It’s not easy to “Be with AIB”

Wednesday, October 1st, 2008 | business, galway, jobs | 3 Comments

So, given the recent armageddon^H^H^H^H^H … err, turbulence in the financial marketplace, we considered it prudent to follow the old adage of not putting all of our eggs in the one basket. I figured it’s as easy to open a few bank accounts while we have all the documentation pulled together. For reference, if you are a limited company and you want to open a bank account you’ll need the following,

  • The certificate of incorporation for your company (some banks seem to require an original, some seem happy with a photocopy)
  • The memorandum and articles of association of the company (a certified copy seems ok)
  • For at least 2 directors, proof of id e.g. a drivers license and a copy of a recent utility bill for each of those 2 directors.

Finally, you’ll need to complete an application form when you go to the bank.

After some quick research on the internet to find the most local branches of our desired banks, we checked their opening times. This was our first surprise, most banks seem to only open at 10:00am. Or 10:30am for some banks on some days of the week. 10:30am? Since when did banks start working half days (they close again from 1:00pm to 2:00pm and again at 4:00pm, it’s like they don’t want our business).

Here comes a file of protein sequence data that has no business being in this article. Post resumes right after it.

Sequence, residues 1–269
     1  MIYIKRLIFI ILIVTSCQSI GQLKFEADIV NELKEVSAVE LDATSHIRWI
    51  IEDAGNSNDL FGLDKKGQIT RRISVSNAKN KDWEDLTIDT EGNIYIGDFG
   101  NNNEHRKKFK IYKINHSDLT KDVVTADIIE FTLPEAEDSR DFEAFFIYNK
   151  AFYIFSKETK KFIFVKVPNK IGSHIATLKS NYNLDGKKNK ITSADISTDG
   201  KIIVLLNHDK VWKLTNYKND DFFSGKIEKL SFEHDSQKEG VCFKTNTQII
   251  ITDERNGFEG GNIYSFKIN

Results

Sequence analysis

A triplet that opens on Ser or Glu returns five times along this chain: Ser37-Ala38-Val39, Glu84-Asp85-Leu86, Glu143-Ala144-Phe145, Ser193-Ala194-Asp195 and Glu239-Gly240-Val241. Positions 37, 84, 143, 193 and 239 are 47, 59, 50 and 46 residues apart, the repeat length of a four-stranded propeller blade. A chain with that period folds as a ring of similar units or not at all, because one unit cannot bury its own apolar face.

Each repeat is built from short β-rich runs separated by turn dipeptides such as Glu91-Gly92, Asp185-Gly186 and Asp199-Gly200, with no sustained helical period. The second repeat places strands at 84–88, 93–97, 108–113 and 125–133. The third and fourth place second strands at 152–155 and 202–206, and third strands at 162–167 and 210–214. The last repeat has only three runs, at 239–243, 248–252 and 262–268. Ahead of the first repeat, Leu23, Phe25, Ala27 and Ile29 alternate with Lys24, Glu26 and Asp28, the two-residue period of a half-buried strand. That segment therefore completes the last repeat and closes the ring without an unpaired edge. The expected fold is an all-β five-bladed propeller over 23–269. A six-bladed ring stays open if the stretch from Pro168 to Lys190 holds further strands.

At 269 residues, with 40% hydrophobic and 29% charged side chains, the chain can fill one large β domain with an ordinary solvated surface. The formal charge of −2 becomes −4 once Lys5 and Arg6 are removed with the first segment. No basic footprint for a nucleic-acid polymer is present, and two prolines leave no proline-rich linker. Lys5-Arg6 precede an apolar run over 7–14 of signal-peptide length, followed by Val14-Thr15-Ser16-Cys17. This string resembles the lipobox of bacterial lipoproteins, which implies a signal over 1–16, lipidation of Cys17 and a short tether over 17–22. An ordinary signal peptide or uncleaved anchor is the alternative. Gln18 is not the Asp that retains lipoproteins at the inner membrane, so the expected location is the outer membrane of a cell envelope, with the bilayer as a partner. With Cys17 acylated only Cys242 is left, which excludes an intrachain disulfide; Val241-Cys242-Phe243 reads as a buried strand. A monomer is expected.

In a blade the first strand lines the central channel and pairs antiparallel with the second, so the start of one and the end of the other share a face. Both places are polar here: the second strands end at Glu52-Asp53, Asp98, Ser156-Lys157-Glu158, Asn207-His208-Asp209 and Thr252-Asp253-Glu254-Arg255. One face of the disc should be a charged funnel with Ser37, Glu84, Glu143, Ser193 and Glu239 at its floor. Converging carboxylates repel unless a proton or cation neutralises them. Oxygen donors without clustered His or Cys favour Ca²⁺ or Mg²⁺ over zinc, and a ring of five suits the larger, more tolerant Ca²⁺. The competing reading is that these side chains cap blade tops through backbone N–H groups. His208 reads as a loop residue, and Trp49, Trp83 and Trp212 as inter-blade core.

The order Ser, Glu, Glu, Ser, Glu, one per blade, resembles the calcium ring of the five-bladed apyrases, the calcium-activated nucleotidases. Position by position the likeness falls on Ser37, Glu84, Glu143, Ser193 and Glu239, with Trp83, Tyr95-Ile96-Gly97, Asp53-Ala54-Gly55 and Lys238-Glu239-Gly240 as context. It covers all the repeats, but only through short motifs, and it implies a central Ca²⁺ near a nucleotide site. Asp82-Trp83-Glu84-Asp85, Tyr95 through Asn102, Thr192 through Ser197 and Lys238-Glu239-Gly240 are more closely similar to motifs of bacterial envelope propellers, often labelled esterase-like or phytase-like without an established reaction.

First to our local Ulsterbank branch, one of the early risers, opening their doors at 10:00am. Clearly these guys want our money! Why Ulsterbank you might ask? No strong reason – their branch is nearby and I’d like us to put some of our eggs in non-Irish banks just to have a good mix (Ulsterbank is owned by Royal Bank of Scotland). The only downside to dealing with a non-Irish bank at the moment is that they only guarantee your deposits up to a maximum of €100,000 as per the Irish government’s recent announcement rather than yesterdays Irish government announcement which only covers Irish banks. In we go and ask to speak to someone about opening a deposit account for our limited company. We’re quickly introduced to a business banking person who takes us into his office, quickly explains our options and then proceeds to take the necessary documentation from us and copy it while we complete a nice minimal set of paperwork which asks us for sensible details about our company, the directors, what kind of account we require and so on. All told, I think it took as 15 minutes. The staff member thanked us at the end of the process and told us our account should be open by tomorrow morning.